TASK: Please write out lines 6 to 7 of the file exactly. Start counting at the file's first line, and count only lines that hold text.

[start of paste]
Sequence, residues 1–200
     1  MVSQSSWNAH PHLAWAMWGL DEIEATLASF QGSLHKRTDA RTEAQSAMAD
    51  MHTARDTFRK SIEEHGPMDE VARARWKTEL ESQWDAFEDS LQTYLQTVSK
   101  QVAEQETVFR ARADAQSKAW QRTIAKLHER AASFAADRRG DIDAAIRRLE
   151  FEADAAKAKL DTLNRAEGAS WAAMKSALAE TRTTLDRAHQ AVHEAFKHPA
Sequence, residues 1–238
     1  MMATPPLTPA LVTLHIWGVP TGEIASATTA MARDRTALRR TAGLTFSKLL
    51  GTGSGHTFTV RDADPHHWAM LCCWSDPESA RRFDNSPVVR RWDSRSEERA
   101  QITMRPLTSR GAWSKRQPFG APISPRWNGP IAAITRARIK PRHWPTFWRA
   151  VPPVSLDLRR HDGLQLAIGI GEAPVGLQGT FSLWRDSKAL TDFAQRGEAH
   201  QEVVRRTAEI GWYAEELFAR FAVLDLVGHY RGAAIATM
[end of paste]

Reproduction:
Sequence, residues 1–238
     1  MMATPPLTPA LVTLHIWGVP TGEIASATTA MARDRTALRR TAGLTFSKLL